High Speed 2 is no more than a relief line

I do wish people would stop talking about High Speed 2.

What is being proposed was first mooted 50 years ago - a relief line to ease conditions on existing lines from London to the North, equivalent to a bypass around any city to ease congested conditions within the existing built up area.

Such new roads are built with restricted access points to enable smooth and economical flow of through traffic, so this new line will be built in a manner to ensure smooth economical travel for longer distance trains.

Unfortunately, politicians and senior civil servants tend to react only when a project is given a glamorous name, such is the weakness of human nature.

So let us remember we are going to build a line to relieve congestion.

  • Geoff Longlands,

Why the ORR is good on safety, not business

Neil Raw’s letter (NCE 24 July) commenting on the article by the Office of Rail Regulation’s (ORR) Alan Price the previous week, raises an interesting question about ORR’s effectiveness as an economic regulator - not to be confused with its excellent safety regulation function.

Unlike other regulated service providers - such as water and telecoms - Network Rail is in effect a publicly funded organisation receiving its budget from the government for each five-yearly control period following the ORR’s periodic review.

As a consequence, any economic fines or penalties levied by the ORR in holding Network Rail to account against its licence conditions simply come from the publicly allocated funds.

Penalties levied by other regulators such as Ofcom and Ofwat have the ability to hit profits - and ultimately share values and dividends - but more importantly, management bonuses, which concentrates the minds.

The best the ORR can do is to write strongly worded letters of disapproval to Network Rail about directors’ remuneration, which so far have largely gone unheeded.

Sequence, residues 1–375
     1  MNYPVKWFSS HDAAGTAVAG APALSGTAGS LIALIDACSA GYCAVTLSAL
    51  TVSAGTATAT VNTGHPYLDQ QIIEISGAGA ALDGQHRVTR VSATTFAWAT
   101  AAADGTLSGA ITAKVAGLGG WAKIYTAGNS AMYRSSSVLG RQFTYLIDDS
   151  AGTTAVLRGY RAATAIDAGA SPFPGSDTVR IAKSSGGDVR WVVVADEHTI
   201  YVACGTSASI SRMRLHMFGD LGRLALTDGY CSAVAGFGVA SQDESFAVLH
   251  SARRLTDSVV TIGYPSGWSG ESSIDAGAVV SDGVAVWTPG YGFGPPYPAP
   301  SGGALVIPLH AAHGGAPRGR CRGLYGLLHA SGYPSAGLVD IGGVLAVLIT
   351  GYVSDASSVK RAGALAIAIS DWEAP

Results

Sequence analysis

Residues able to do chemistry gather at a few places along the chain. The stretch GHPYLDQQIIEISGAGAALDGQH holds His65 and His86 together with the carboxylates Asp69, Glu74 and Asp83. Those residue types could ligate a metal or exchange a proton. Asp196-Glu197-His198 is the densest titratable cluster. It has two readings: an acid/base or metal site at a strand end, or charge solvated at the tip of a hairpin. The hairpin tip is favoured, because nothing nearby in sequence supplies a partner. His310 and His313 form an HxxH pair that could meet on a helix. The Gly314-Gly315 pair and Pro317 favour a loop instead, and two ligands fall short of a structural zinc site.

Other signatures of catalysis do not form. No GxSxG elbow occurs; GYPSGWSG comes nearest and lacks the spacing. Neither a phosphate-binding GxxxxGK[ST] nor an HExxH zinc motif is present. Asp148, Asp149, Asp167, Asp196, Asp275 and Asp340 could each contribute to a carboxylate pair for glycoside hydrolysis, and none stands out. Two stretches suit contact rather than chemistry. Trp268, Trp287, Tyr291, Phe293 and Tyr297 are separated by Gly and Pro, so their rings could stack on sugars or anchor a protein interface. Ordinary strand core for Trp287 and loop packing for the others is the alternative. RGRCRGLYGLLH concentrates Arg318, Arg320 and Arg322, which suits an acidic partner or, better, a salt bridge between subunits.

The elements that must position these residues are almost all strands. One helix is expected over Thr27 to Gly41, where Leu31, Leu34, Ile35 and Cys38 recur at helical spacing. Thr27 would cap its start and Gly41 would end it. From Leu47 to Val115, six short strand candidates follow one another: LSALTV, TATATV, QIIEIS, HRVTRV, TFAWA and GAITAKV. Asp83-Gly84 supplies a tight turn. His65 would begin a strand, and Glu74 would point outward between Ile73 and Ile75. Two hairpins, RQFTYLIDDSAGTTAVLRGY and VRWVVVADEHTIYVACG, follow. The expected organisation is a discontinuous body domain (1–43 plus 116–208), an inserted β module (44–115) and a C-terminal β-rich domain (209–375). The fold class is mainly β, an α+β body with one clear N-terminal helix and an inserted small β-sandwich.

• Nicolas Philipps,

Past is full of lessons on how to run roads

With regard to the articles and comment on the highway maintenance backlog (NCE 10 July), there is sadly little materials technical expertise left with the highway authorities themselves.

Long gone are the [county surveyors’ body] CSS technical committees. All we hear about is terrible weather and a lack of money. These things were just as common in the 1970s and 1980s as now. Our direct inspection and supervision and the keeping of good records, including materials test results, backed by our materials engineer, provided a very effective asset management plan.

The Highways Agency’s insistence on proprietary negative textured thin surfacing materials has led to many problems, with many local authorities having followed suit and abandoned surface dressing and traditional surfacing materials, leading to the present dire state nationally. I do hear that the Highways Agency is now looking to recruit a significant number of staff with technical expertise, having recognised this weakness in their organisation.

As to raising funds, it’s not the number of cars on our roads that cause structural damage but HGVs.

What a pity that the Transport Select Committee failed to pick up on these facts. Come on you technically knowledgeable engineers and let’s hear what you have to say.

  • Frank Bedford (M retd),

Have your say

You must sign in to make a comment

Please remember that the submission of any material is governed by our Terms and Conditions and by submitting material you confirm your agreement to these Terms and Conditions. Please note comments made online may also be published in the print edition of New Civil Engineer. Links may be included in your comments but HTML is not permitted.

Related Jobs